Corbynites and soft Brexiters
Further analyses showed that the 89,614 tweets of our sub-set of tweets were sent by just 1,666 users, with an average of 53 tweets per user. This characterises them as a group of people highly interested in politics and deeply involved in the electoral campaign.
The most tweeted hashtag by Brits abroad is, significantly, #stopbrexit, followed by other pro-labour and anti-brexit hashtags such as #weakandwobbly, #toriesout, #remain, #brexitcost.
In order to estimate their political affiliation, we analysed the content of their retweets, to see if they were more likely to relay content published by politicians from certain UK parties. Results shown in Figure 2 show that tweets from the leader of the Labour Party, Jeremy Corbyn, were by far the most popular content, being retweeted by more than half of the British expats under examination (994 users). At the same time, only two users retweeted contents published by Prime Minister May, and two retweeted tweets by UKIP leader Paul Nuttall. Interestingly, the second most retweeted account was that of another key opponent of Brexit, namely Scottish National Party leader Nicola Sturgeon (112 users).
Figure 2: Most retweeted accounts by British expats
Moving on to the content of these tweets, leaving aside #ge2017 and #ge17, #votelabour was the most widely used hashtag, followed by #brexit. To visualize the way in which the Brexit issue was framed by the users under exam, the tag cloud below represents all the hashtags co-occurring in tweets including “brexit” and “#brexit”.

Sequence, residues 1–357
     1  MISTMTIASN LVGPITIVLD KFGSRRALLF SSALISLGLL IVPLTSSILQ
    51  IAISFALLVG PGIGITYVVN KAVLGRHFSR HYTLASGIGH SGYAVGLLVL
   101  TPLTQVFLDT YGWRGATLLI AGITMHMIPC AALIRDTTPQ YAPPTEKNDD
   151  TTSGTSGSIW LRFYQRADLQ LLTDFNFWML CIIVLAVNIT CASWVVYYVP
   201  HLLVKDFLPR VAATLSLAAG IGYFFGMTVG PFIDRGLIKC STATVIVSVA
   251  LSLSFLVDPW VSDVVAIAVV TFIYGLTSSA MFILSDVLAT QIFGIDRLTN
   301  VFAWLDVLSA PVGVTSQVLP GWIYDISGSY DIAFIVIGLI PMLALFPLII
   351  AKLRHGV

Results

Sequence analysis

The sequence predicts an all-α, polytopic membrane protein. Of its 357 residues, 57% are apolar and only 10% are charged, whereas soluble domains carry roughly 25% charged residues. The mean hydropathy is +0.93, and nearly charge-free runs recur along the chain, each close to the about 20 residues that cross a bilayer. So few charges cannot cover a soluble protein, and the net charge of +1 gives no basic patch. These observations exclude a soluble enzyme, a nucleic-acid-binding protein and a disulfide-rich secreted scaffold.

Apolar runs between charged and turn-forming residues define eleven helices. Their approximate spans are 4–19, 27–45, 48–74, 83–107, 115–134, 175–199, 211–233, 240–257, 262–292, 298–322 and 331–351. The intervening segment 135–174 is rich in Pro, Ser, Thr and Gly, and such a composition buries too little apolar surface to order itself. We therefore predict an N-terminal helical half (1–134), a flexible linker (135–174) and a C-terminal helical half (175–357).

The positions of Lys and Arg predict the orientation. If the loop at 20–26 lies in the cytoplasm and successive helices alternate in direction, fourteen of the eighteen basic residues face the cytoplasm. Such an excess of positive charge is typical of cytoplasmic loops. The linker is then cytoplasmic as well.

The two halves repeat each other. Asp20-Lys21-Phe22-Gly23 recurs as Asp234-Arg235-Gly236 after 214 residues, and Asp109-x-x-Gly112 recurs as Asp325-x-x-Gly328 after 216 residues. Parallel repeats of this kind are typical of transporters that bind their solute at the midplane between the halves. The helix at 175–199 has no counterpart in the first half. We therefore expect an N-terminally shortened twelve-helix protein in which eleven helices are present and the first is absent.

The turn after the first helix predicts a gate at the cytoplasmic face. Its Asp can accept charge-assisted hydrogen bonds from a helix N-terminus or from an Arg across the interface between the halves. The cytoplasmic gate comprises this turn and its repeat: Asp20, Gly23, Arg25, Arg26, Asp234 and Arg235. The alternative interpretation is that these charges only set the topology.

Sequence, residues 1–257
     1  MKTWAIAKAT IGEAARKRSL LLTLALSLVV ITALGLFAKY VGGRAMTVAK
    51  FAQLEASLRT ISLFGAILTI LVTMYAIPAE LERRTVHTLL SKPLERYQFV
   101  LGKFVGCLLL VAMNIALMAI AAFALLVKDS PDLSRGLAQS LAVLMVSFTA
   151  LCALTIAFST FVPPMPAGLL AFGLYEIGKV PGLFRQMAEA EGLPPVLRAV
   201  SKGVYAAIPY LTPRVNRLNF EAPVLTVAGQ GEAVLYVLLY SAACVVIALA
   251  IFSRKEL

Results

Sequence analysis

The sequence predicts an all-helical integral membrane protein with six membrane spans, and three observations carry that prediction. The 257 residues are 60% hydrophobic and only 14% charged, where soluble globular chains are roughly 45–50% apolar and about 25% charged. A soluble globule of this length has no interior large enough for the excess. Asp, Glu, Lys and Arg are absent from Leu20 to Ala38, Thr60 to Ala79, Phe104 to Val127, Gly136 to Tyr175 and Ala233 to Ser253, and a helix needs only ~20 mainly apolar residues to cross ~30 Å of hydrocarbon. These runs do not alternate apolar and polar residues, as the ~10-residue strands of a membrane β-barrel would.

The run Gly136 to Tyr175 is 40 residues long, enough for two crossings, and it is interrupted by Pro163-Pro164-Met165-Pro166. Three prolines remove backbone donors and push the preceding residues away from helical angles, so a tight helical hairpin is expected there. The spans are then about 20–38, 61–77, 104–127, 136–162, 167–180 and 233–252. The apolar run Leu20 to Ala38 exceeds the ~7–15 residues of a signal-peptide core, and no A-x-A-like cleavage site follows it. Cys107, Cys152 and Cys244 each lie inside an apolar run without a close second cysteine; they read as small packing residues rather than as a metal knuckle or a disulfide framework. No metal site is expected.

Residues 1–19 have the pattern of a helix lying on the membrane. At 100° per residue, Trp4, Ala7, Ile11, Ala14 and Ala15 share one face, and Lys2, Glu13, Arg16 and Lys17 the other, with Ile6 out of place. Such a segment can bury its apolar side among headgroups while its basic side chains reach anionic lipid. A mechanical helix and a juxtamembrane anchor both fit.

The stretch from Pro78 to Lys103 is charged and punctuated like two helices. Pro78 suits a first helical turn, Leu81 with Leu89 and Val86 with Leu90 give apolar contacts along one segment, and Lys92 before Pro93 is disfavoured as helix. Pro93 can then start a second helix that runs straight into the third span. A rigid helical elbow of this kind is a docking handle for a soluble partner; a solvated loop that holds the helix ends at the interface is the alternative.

Figure 3: Tag cloud of the most frequently used hashtags in Brexit-related tweets
If British expats’ support for Jeremy Corbyn was already suggesting a negative view of a hard Brexit scenario, such an expectation is confirmed by the tag cloud in Figure 3: the most tweeted hashtag by Brits abroad is, significantly, #stopbrexit, followed by other pro-labour and anti-brexit hashtags such as #weakandwobbly, #toriesout, #remain, #brexitcost.
Overall, British expats appear, therefore, first and foremost as Brexit opponents who, out of principle or tactical voting, supported the Labour leader during the #ge2017 campaign.
Photo Credits CC: Tatiana Popolla
Also published on Medium.
National elections and EU politicization: the series
The year 2017 has been one of elections in Europe: from France to Germany, Austria to the UK, a number of EU countries have been involved in general elections. In the study of EU politicization—one of EuVisions’ key research areas—national elections represent a crucial arena of investigation.
Over previous months we have covered all the main national elections in Europe in 2017, collecting elections-related Twitter conversations—an effort that has resulted in the accumulation of massive amounts of data, which we have now started to analyse. To launch our series on ‘National elections and EU politicization’, this article presents our preliminary results on the salience of EU-related issues in the UK electoral campaign.